23 pieces of art have been shortlisted for the inaugural Student Art Prize, out of 75 entrants.
The top three prizes will be awarded in mid-June, at which point a selection of the student artworks will available for sale as part of Summer in the City’s online festival 2020.
The Student Art Prize was established in October 2019 to expand creative opportunities in the University. It also aims to develop a permanent student art collection, housed within the university’s wider art collection.
All the pieces were required to fit with this year’s theme ‘Diversity’. According to the prize’s website, this was chosen “to allow a wide range of exploration and conceptualisation by the artists, and a reference to the lack of diversity within some traditional canons of art history.”
Alongside their artwork, students were asked to submit an 100-word summary of their work, and to explain its connection with the theme.
“We must have many talented student artists here in Durham.”Richard Roberts
The shortlist was decided by a panel of eight, including representatives from the University Library and Collections, Equality, Diversity and Inclusion, the Head-elect of Stephenson College and a local guest artist. It also included a student representative.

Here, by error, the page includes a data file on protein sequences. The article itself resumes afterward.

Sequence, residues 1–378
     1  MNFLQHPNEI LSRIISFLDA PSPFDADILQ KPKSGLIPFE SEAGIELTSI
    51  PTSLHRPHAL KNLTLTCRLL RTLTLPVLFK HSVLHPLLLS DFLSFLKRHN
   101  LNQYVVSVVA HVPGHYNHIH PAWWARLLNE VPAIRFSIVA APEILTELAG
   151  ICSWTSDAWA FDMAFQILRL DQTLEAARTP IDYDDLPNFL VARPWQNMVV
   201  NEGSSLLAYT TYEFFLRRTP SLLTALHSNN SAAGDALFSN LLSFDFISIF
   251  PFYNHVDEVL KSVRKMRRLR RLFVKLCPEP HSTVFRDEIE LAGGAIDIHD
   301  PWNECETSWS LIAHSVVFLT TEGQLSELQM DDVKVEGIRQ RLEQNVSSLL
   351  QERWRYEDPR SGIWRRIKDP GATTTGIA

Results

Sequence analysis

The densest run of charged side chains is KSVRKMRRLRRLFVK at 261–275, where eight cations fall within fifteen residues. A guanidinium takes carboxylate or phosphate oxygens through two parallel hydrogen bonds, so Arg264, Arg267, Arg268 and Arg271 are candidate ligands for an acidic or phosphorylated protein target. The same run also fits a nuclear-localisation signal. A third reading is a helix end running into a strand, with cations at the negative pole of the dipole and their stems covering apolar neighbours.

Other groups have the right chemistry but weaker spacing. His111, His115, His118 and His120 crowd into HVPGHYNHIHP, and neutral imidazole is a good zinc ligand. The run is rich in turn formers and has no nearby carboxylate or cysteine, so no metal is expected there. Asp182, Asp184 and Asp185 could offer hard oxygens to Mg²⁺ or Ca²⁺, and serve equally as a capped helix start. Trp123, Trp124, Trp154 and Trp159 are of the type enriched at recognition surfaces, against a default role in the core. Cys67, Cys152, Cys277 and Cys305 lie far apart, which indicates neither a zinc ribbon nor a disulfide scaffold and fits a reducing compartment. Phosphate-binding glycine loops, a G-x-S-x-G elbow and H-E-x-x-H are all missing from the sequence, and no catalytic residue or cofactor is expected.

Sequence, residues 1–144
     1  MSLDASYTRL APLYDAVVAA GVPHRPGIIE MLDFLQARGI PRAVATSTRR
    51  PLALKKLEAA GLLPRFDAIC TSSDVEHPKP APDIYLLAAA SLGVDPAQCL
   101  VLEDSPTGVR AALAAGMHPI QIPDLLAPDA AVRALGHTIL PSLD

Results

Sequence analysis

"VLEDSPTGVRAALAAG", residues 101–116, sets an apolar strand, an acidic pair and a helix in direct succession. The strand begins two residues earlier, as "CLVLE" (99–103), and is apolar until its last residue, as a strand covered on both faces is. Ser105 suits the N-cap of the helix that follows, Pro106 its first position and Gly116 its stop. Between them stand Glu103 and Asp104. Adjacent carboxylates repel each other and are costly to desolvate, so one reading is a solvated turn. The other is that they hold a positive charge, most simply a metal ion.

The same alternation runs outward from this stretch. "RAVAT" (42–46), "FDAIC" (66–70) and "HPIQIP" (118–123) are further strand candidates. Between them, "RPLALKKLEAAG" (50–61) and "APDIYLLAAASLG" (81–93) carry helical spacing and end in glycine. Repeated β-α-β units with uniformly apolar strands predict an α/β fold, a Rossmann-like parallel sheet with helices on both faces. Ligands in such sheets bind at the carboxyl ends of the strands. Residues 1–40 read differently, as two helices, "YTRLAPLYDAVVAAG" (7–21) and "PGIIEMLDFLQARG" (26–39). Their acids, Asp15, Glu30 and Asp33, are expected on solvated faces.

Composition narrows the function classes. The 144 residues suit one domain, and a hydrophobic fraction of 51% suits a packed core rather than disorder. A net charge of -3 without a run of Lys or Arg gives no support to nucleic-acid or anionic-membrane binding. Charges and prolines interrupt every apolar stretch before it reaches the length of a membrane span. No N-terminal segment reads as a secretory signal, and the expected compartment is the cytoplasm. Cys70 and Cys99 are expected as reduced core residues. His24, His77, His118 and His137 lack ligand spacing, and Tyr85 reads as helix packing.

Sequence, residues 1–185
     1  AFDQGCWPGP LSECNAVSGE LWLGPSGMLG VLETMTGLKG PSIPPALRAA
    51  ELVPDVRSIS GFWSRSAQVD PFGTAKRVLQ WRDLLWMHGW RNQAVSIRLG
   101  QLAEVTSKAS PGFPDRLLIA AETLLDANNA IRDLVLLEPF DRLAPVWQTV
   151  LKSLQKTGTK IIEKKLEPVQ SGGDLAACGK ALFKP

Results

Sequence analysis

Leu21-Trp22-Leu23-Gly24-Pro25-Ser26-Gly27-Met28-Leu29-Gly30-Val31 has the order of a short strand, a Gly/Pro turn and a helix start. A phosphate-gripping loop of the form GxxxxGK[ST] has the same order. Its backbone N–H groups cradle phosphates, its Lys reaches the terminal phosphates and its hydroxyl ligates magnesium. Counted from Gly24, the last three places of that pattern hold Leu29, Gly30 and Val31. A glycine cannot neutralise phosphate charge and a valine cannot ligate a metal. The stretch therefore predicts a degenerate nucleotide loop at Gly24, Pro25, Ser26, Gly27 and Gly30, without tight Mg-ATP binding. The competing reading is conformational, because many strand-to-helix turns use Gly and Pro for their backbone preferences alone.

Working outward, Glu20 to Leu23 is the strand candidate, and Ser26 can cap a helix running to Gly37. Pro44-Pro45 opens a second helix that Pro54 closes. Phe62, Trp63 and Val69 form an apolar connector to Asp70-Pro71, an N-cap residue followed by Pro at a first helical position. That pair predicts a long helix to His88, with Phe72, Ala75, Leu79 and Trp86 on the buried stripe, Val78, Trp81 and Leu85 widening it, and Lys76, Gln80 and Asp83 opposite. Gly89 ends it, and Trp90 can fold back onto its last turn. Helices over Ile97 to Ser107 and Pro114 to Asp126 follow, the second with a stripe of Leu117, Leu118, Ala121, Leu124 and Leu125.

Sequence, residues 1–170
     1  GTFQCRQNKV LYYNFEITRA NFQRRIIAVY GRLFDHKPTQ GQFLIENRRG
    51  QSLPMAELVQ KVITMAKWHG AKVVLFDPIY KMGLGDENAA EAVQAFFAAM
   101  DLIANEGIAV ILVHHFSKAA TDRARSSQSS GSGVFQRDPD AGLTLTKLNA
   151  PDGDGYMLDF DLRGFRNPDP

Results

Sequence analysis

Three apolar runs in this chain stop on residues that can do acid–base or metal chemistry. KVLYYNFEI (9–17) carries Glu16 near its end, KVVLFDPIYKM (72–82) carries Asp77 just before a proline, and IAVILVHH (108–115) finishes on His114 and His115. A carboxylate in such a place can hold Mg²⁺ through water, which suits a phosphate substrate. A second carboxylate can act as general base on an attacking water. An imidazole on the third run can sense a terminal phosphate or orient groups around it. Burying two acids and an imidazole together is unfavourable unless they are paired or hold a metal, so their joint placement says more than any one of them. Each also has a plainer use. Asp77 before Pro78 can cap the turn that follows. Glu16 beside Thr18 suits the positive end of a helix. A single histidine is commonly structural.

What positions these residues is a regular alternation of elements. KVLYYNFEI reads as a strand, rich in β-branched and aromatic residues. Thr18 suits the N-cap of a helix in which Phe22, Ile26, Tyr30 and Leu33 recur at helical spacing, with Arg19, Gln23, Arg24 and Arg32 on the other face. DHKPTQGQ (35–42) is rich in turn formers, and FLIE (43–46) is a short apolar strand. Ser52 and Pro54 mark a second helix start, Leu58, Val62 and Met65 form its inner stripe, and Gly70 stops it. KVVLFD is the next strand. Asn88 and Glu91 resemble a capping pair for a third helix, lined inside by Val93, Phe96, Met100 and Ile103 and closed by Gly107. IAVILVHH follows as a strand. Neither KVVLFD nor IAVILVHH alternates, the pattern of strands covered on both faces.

In a previous statement to Palatinate, Richard Roberts, who is sponsoring the prize, commented that: “We must have many talented student artists here in Durham.”
He also highlighted how helpful art could be in improving mental health: “Creating an artwork is a very good way of taking stress out of the hectic and pressured student life. Student mental health is another real concern of mine. Finding space to be calm, be creative, to let our imagination wander is part of keeping a better mental health balance.”
The responses to the theme of ‘Diversity’ were varied. Embrace by Alice Lefranq-Frodj uses cross-stitch embroidery to comment on the “necessity of peaceful integration of Muslim immigrants and asylum seekers into Swedish Society.”
Life in Isolation by Georgina Feltham-White mixes pencil, graphite, marker, watercolour and collage in a portrait of a friend of the artist who “suffered racial abuse at his university; he struggled afterwards as he didn’t feel there was anyone he could talk to/ask for help.”
Some entrants took an ecological approach. The Little Book of Biodiversity by Dorry Fox combines illustration and rhyming couplets to celebrate “biodiversity while also lamenting its demise at the hands of humanity.”
The full shortlist, including digital productions of the pieces of art and their abstracts, can be viewed here.